Parts of Canada-EU trade deal still being revised: chief negotiator

OTTAWA -- Canada is working with the European Union to revise controversial investor protection provisions in their landmark free trade deal at the direction of the new Liberal government.

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But Canada's chief negotiator Steve Verhuel said Tuesday the ongoing work with the EU does not mean the pact has been reopened to negotiation.

The comprehensive deal in goods and services, known as CETA, has been plagued with delays since negotiations were publicly declared finished in the summer of 2014 after what was then five years of talks.

"We're not re-opening the negotiations at all," Verhuel told the House of Commons trade committee.

The government wants to see if improvements can make the dispute-resolution mechanism more favourable to Canada, he said.

The Europeans first raised the matter after political opposition arose in Europe in 2014 over the chapter that deals with settling disputes between companies and governments, known as ISDS.

Some European politicians and anti-trade activists have raised concern that the investor-state dispute settlement chapter would give big companies the power to sue governments for creating regulations that affect their profits.

They say it could undermine the ability of countries to regulate environmental and health policies, among other things.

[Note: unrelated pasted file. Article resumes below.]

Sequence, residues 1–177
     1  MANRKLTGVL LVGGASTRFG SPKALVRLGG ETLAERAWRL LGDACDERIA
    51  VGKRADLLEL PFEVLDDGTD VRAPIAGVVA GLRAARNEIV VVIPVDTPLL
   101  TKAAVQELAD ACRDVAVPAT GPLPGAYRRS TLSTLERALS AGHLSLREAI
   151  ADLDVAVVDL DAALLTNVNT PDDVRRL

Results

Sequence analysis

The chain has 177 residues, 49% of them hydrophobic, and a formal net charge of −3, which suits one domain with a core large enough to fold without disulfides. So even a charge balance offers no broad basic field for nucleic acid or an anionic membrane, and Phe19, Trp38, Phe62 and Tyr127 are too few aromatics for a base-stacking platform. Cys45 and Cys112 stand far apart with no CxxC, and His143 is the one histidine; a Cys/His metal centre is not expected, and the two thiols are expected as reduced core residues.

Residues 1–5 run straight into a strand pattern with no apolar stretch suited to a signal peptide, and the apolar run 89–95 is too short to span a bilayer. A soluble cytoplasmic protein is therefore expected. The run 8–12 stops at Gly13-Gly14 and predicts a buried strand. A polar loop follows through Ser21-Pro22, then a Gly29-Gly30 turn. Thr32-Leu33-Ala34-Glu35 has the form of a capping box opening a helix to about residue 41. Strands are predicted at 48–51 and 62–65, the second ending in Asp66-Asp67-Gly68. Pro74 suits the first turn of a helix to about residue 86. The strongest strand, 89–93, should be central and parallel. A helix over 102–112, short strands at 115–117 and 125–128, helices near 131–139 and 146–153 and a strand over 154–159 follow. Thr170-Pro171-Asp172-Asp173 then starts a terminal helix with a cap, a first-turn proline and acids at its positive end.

European officials, including most recently the EU ambassador to Canada, have said they don't see ISDS as an impediment to the deal being implemented.

Verhuel was responding to a question from the NDP trade critic Tracey Ramsey, who asked whether the new Liberal government wants him to "to take CETA in a new direction" on ISDS or any other part of the deal.

"I wouldn't call them instructions at this point. We've certainly had a dialogue about potential improvements that could be made," Verhuel said.

"We have had an interest on our side in seeing whether we can make some improvements in light of that and that's been supported by the government."

Part of ongoing discussion with the EU includes, "clarifying some of the provisions in the agreement with respect to the obligations to ensure that the government's right to regulate is not interfered with by investor claims that could affect that ability to regulate."

Verhuel said he expects the deal to be ratified and fully implemented next year.

That's essentially the same timeline that the EU ambassador to Canada, Marie-Anne Coninsx, offered in a recent interview.

Like Coninsx, Verhuel said the deal is now in the legal "scrubbing" phase and is in the process of being translated into French and more than 20 official European languages.

But Ramsey said in an interview that it is unclear from what Verhuel told the committee whether the deal is actively being negotiated rather than simply translated and legally vetted.

"We have the chief negotiator saying they are working on rewriting sections of the deal," said Ramsey.

She said the Liberals have not brought any more clarity to the trade talks than the previous Conservative government, which negotiated the deal.

"All of this is happening in secret," said Ramsey. "I'd like the Liberals to level with Canadians -- let us know what's on the table and also what they're up to."



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